Journal of Pediatric Ophthalmology and Strabismus

Original Articles 

Effect of Diode Laser Retinal Ablative Therapy for Threshold Retinopathy of Prematurity on the Visual Field: Results of Goldmann Perimetry at a Mean Age of 11 Years

Eibhlin McLoone, FRCOphth; Michael O’Keefe, FRCS; Sean McLoone, PhD, CEng; Bernadette Lanigan, RN

  • Journal of Pediatric Ophthalmology and Strabismus. 2007;44(3):170-173
  • Posted February 19, 2012

Abstract

PURPOSE

To assess the peripheral visual field in premature children who received diode laser photocoagulation for threshold retinopathy of prematurity (ROP) and in a comparison group with subthreshold ROP that had regressed spontaneously without laser treatment.

PATIENTS AND METHODS

Eleven patients (18 eyes) were treated with laser, and nine patients (16 eyes) with subthreshold untreated ROP were recalled for assessment at a mean follow-up of 11 years. All children underwent Goldmann visual field testing using the II4e and V4e stimuli. Distance visual acuity measurement, dilated fundal examination, and cycloplegic autorefraction were also performed.

RESULTS

The visual field extent in treated eyes was 3% to 4% smaller for the V4e target and 7% to 10% smaller for the II4e target than in the comparison eyes. For the II4e stimulus, the right eye visual field extent of the laser-treated children did not differ significantly from that of the untreated comparison group (P = .11), but the left eyes showed a borderline significant reduction (P = .046). For the larger V4e stimulus, no significant differences were noted (right eye, P = .41; left eye, P = .30).

CONCLUSIONS

This is the first study to assess the effect of diode laser therapy on the peripheral visual field in eyes with threshold ROP using Goldmann perimetry. Laser-treated eyes showed a slight constriction of peripheral visual fields compared with untreated subthreshold eyes. It is uncertain whether this was due to the laser treatment itself or to the more severe ROP in the laser group. However, the limited reduction in visual field extent is comparable to that reported for cryotherapy and is unlikely to be of functional significance.

J Pediatr Ophthalmol Strabismus 2007;44:170-173.

AUTHORS

Ms. E. McLoone, Professor O’Keefe, and Sister Lanigan are from the Department of Ophthalmology, Children’s University Hospital, and University College, Dublin, Ireland. Dr. S. McLoone is from the Department of Electronic Engineering, NUI Maynooth, Maynooth, County Kildare, Ireland.

Originally submitted July 23, 2005.

Accepted for publication December 22, 2005.

Address correspondence to Ms. E. McLoone, Eye & Ear Department, Royal Victoria Hospital, Grosvenor Road, Belfast, Northern Ireland BT12 6BA.

Abstract

PURPOSE

To assess the peripheral visual field in premature children who received diode laser photocoagulation for threshold retinopathy of prematurity (ROP) and in a comparison group with subthreshold ROP that had regressed spontaneously without laser treatment.

PATIENTS AND METHODS

Eleven patients (18 eyes) were treated with laser, and nine patients (16 eyes) with subthreshold untreated ROP were recalled for assessment at a mean follow-up of 11 years. All children underwent Goldmann visual field testing using the II4e and V4e stimuli. Distance visual acuity measurement, dilated fundal examination, and cycloplegic autorefraction were also performed.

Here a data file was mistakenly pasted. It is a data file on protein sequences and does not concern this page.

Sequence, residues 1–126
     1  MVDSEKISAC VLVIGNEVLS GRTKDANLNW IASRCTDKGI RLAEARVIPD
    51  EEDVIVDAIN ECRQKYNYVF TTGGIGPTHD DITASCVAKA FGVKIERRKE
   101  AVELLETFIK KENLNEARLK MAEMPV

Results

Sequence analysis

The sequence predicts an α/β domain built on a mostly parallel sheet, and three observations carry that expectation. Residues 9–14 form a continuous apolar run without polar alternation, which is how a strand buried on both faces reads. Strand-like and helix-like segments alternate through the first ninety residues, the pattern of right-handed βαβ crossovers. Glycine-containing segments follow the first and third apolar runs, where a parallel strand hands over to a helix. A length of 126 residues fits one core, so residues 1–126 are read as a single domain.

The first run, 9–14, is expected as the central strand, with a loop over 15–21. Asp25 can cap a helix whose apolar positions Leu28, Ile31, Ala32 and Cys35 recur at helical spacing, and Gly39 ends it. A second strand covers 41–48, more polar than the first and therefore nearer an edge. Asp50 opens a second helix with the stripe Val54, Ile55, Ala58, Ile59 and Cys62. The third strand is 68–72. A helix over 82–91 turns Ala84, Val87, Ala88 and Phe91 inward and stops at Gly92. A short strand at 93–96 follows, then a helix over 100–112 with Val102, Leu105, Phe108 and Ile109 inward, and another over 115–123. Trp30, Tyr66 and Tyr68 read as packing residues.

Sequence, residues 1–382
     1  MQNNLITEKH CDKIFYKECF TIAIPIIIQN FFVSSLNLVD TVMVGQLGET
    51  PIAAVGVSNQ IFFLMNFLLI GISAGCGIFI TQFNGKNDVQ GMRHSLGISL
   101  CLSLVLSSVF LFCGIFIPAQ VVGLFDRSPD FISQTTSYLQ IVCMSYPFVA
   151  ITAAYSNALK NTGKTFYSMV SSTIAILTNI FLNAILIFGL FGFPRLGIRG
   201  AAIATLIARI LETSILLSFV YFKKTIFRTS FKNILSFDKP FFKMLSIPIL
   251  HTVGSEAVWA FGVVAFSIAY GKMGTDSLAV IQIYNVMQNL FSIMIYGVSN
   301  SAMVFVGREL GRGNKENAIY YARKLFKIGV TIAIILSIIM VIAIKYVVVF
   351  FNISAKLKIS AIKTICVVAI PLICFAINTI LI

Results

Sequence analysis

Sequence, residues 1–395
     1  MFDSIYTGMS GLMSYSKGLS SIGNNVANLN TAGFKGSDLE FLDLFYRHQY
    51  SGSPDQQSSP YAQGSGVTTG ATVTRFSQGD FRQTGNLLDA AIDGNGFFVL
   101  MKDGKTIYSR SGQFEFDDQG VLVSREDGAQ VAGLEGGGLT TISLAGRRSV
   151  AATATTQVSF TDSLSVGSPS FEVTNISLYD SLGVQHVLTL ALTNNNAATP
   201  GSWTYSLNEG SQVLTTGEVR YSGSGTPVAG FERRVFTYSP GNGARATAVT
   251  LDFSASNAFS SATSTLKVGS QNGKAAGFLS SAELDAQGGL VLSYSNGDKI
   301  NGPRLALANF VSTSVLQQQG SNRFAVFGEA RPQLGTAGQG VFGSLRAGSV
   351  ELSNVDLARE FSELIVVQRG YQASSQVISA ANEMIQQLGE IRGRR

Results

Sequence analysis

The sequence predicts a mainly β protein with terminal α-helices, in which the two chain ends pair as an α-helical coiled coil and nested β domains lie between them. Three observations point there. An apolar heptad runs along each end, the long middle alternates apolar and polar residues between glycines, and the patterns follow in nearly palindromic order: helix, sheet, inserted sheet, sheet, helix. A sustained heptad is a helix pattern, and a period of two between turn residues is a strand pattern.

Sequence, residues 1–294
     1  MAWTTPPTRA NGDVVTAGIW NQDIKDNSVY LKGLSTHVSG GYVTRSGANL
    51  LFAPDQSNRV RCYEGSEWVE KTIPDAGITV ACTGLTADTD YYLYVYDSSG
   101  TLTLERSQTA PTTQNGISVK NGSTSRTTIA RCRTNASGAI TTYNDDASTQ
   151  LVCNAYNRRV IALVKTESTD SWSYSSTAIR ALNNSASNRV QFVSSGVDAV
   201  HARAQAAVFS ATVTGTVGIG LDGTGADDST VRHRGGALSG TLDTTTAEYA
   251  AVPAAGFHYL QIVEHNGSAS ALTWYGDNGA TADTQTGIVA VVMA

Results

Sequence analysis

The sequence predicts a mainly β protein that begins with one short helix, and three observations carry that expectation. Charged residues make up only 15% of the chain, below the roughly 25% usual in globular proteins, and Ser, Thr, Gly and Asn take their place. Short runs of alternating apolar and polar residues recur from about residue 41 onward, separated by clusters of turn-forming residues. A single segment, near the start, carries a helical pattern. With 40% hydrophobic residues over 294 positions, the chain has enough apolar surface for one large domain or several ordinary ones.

RESULTS

The visual field extent in treated eyes was 3% to 4% smaller for the V4e target and 7% to 10% smaller for the II4e target than in the comparison eyes. For the II4e stimulus, the right eye visual field extent of the laser-treated children did not differ significantly from that of the untreated comparison group (P = .11), but the left eyes showed a borderline significant reduction (P = .046). For the larger V4e stimulus, no significant differences were noted (right eye, P = .41; left eye, P = .30).

CONCLUSIONS

This is the first study to assess the effect of diode laser therapy on the peripheral visual field in eyes with threshold ROP using Goldmann perimetry. Laser-treated eyes showed a slight constriction of peripheral visual fields compared with untreated subthreshold eyes. It is uncertain whether this was due to the laser treatment itself or to the more severe ROP in the laser group. However, the limited reduction in visual field extent is comparable to that reported for cryotherapy and is unlikely to be of functional significance.

J Pediatr Ophthalmol Strabismus 2007;44:170-173.

AUTHORS

Ms. E. McLoone, Professor O’Keefe, and Sister Lanigan are from the Department of Ophthalmology, Children’s University Hospital, and University College, Dublin, Ireland. Dr. S. McLoone is from the Department of Electronic Engineering, NUI Maynooth, Maynooth, County Kildare, Ireland.

Originally submitted July 23, 2005.

Accepted for publication December 22, 2005.

Address correspondence to Ms. E. McLoone, Eye & Ear Department, Royal Victoria Hospital, Grosvenor Road, Belfast, Northern Ireland BT12 6BA.

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